Sunita, whose real name was Amina Peerbhoy, was a Kashmiri woman who, together with her son Enver and sister Anita, had run away from her family in India to start a new life in London and Paris. Smith's fellow artist and friend, Sir Jacob Epstein, first met Sunita in 1924 at the British Empire Exhibition, where her and Anita were running a stall. Epstein invited her, Anita and Enver to live with him, which they did from 1925 until 1931 in Guildford Street, Holborn.
All of Smith's paintings of Sunita were produced in his studio at 10 Passage Noirot, Paris, which the artist occupied intermittently from 1929 until spring 1933. Sunita, who was almost six feet tall, was the artist's most important model at this time. She was a very imposing, statuesque figure, and Epstein described her as having a 'melancholy gravity', which he transcribed into his many busts and drawings of her. (J. Epstein quoted in A. Keene, exhibition catalogue, The Two Mr Smiths The Life and Work of Matthew Smith, London, Barbican Centre, 1995, p. 53).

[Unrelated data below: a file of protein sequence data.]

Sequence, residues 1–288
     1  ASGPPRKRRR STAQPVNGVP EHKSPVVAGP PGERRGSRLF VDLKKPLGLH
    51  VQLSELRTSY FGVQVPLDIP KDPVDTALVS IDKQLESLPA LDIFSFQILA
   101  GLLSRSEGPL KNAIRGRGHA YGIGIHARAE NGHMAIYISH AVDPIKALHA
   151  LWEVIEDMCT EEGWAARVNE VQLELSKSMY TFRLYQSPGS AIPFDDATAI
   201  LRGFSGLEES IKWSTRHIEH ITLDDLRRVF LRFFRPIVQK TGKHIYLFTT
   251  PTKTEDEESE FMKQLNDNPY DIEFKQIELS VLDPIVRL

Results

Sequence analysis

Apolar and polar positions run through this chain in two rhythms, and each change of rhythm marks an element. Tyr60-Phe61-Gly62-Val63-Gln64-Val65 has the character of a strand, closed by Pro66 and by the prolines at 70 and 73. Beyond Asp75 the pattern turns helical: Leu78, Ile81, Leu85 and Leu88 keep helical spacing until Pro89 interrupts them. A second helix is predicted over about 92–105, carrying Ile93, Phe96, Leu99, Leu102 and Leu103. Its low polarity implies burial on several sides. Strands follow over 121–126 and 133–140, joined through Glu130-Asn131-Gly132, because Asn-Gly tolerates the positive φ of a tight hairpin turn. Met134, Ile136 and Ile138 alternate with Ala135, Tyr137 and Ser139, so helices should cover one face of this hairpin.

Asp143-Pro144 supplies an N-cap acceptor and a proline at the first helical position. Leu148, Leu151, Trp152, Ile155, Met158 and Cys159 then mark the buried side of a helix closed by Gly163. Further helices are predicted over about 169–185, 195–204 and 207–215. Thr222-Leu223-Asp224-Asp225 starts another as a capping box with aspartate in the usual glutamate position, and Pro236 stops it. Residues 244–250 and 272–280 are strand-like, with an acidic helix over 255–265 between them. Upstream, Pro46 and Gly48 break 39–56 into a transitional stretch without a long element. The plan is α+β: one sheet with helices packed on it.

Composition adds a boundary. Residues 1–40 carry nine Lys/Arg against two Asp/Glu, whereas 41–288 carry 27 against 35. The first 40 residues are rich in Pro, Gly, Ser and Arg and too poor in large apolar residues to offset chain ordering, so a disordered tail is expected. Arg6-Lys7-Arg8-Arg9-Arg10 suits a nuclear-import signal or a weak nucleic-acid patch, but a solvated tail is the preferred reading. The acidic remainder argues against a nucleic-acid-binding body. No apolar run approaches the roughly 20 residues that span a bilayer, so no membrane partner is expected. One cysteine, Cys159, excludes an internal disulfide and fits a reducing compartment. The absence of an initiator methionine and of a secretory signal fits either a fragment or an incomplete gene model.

The nature of Sunita's relationship with Smith is unknown, but the pictures of her, as in the present work, express a strong sensuality. Adopting a palette of rich green, blue and red, the artist renders the physicality of flesh and cushions and drapes. Paintings of her cease around spring 1933, and Sunita herself may have disappeared rather abruptly about this time. Matthew said she was called home by her family who had come to realise the kind of life she was living.
The yellow screen in the right foreground of the present work is the same as that which appears in Model Waking (1931), which was first in the collection of Epstein and then later belonged to Roald Dahl.